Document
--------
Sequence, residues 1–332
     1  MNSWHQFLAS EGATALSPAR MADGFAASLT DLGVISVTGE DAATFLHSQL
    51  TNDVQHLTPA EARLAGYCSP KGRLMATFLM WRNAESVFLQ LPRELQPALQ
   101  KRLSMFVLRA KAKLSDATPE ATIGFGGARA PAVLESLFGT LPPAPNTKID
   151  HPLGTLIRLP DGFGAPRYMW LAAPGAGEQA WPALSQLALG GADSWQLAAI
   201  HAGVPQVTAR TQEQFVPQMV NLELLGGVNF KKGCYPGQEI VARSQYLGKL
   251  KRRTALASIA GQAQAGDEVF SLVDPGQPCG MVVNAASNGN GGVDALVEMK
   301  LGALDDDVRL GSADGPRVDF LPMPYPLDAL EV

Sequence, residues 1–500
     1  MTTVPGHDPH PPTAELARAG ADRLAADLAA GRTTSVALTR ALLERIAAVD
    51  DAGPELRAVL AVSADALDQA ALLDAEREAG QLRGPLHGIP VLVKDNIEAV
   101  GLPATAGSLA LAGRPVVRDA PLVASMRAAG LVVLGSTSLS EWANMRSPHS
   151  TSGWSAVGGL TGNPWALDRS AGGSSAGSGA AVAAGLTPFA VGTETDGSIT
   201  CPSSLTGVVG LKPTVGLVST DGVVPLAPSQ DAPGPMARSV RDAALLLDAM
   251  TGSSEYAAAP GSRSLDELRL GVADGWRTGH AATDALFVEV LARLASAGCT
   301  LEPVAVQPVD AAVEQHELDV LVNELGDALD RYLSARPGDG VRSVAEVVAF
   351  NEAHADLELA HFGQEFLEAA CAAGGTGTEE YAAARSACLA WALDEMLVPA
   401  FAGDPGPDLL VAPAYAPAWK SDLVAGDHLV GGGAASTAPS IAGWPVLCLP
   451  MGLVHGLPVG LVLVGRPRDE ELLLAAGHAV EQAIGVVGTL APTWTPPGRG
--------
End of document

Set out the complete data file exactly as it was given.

Sequence, residues 1–332
     1  MNSWHQFLAS EGATALSPAR MADGFAASLT DLGVISVTGE DAATFLHSQL
    51  TNDVQHLTPA EARLAGYCSP KGRLMATFLM WRNAESVFLQ LPRELQPALQ
   101  KRLSMFVLRA KAKLSDATPE ATIGFGGARA PAVLESLFGT LPPAPNTKID
   151  HPLGTLIRLP DGFGAPRYMW LAAPGAGEQA WPALSQLALG GADSWQLAAI
   201  HAGVPQVTAR TQEQFVPQMV NLELLGGVNF KKGCYPGQEI VARSQYLGKL
   251  KRRTALASIA GQAQAGDEVF SLVDPGQPCG MVVNAASNGN GGVDALVEMK
   301  LGALDDDVRL GSADGPRVDF LPMPYPLDAL EV

Sequence, residues 1–500
     1  MTTVPGHDPH PPTAELARAG ADRLAADLAA GRTTSVALTR ALLERIAAVD
    51  DAGPELRAVL AVSADALDQA ALLDAEREAG QLRGPLHGIP VLVKDNIEAV
   101  GLPATAGSLA LAGRPVVRDA PLVASMRAAG LVVLGSTSLS EWANMRSPHS
   151  TSGWSAVGGL TGNPWALDRS AGGSSAGSGA AVAAGLTPFA VGTETDGSIT
   201  CPSSLTGVVG LKPTVGLVST DGVVPLAPSQ DAPGPMARSV RDAALLLDAM
   251  TGSSEYAAAP GSRSLDELRL GVADGWRTGH AATDALFVEV LARLASAGCT
   301  LEPVAVQPVD AAVEQHELDV LVNELGDALD RYLSARPGDG VRSVAEVVAF
   351  NEAHADLELA HFGQEFLEAA CAAGGTGTEE YAAARSACLA WALDEMLVPA
   401  FAGDPGPDLL VAPAYAPAWK SDLVAGDHLV GGGAASTAPS IAGWPVLCLP
   451  MGLVHGLPVG LVLVGRPRDE ELLLAAGHAV EQAIGVVGTL APTWTPPGRG